Ingapirca is located at 3160 meters, approximately 1 ½ hours from Cuenca. The Incan ruins here are 600 years old. There are also ruins here from the Canari people that date back 3000 years. The Canaris were conquered by the Incans, but some of their culture was integrated into Incan society. The Canaris were a matriarchal society that worshiped the moon. The Incas were a patriarchal society that worshiped the sun. Here is where the Incan boy “Huaynacapac” became king at 5 years old when his father died. He married the Canari princess “Paccha” when the Incas took over their society.

At this site we were able to see both Incan and Canari ruins, like: the Temple of the Moon (Canari) and the Temple of the Sun (Inca). The Canari used river rocks and mud to construct their structures, while the Incas used square stones positioned in perfect alignment (a design thought to be used to withstand earthquakes).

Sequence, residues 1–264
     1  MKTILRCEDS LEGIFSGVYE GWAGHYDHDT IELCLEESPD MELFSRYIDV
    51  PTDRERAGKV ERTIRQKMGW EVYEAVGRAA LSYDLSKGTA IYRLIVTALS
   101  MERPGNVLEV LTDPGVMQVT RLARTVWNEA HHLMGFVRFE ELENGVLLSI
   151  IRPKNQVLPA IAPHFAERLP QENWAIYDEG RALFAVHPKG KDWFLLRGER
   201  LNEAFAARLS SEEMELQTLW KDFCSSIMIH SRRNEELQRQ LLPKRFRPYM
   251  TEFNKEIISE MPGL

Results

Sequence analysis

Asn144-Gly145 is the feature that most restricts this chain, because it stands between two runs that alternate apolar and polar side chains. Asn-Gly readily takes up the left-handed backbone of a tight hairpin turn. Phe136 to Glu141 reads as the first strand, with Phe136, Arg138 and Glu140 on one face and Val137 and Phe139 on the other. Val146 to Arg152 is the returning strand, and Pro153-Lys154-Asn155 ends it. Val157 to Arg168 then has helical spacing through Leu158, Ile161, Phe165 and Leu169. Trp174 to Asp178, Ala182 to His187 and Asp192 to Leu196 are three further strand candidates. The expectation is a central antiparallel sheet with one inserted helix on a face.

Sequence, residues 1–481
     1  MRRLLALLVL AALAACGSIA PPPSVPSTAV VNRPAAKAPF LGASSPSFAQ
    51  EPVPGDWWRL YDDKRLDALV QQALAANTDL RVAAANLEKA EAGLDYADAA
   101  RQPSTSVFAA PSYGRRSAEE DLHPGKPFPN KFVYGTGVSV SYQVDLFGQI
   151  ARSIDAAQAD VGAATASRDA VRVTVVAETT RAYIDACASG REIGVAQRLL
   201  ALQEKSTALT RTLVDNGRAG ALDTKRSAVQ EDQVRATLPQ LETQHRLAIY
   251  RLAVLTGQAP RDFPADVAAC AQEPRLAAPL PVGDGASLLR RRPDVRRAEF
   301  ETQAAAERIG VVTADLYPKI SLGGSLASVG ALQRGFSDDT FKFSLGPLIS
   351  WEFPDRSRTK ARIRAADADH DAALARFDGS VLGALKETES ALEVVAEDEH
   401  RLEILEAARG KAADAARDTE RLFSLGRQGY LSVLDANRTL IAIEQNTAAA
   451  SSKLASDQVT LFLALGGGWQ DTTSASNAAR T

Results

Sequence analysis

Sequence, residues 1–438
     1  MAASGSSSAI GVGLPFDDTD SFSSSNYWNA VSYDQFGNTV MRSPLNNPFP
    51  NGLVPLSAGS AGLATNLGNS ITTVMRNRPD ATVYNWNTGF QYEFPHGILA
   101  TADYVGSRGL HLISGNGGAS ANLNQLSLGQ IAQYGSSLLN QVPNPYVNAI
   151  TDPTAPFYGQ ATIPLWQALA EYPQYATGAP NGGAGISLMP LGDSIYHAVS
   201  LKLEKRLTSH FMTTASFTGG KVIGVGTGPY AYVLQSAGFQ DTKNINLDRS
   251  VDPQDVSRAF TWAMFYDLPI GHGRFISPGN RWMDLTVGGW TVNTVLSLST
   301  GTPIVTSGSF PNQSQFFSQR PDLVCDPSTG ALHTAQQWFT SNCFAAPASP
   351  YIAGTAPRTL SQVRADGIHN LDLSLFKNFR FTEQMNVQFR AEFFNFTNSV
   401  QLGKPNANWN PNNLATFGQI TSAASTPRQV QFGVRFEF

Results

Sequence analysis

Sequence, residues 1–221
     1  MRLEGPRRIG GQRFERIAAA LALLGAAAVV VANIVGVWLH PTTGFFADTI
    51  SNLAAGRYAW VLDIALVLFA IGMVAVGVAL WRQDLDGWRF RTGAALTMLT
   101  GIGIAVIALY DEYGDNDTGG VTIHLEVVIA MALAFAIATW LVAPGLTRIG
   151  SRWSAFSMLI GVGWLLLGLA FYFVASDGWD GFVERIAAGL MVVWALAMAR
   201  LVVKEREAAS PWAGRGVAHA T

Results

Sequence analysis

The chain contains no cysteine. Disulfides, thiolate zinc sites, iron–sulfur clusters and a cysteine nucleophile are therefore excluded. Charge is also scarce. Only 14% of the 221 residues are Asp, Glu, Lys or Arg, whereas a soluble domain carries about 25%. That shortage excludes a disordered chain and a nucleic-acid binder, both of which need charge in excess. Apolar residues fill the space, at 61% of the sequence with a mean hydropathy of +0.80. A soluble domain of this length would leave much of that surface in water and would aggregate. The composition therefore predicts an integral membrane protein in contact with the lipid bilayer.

In the afternoon we visited a very unusual art museum with our Spanish instructor. It was called “El Prohibido”. The art depicted demonic creatures and scenes relating to sex and death. The artist is from the Amazon where he is currently developing a lodge. One can only imagine what it will be like.

Cuenca Continued

Day# 4: Today we didn’t have any morning tours. For our Spanish class walkabout, we visited a local market where female shamans perform ritual cleansings on people. Most of the recipients were children brought by their parents. During the ritual, the patient is brushed with leaves from the Huanto plant (seeds used to make Scopalamine) and the plant called Ceniza. At the end of the session the shaman took a drink of some liquid and sprayed it on the patient.

Cuenca, Ecuador

Cuenca Day #1:  We arrived around 5:30 P.M. and were greeted by our hosts Ivan and Enma. We share the home with 6 other people and 3 Yorkies. We have breakfast and dinner with the family and during those times we discuss in Spanish what happened during our day as well as share information about our lives in general.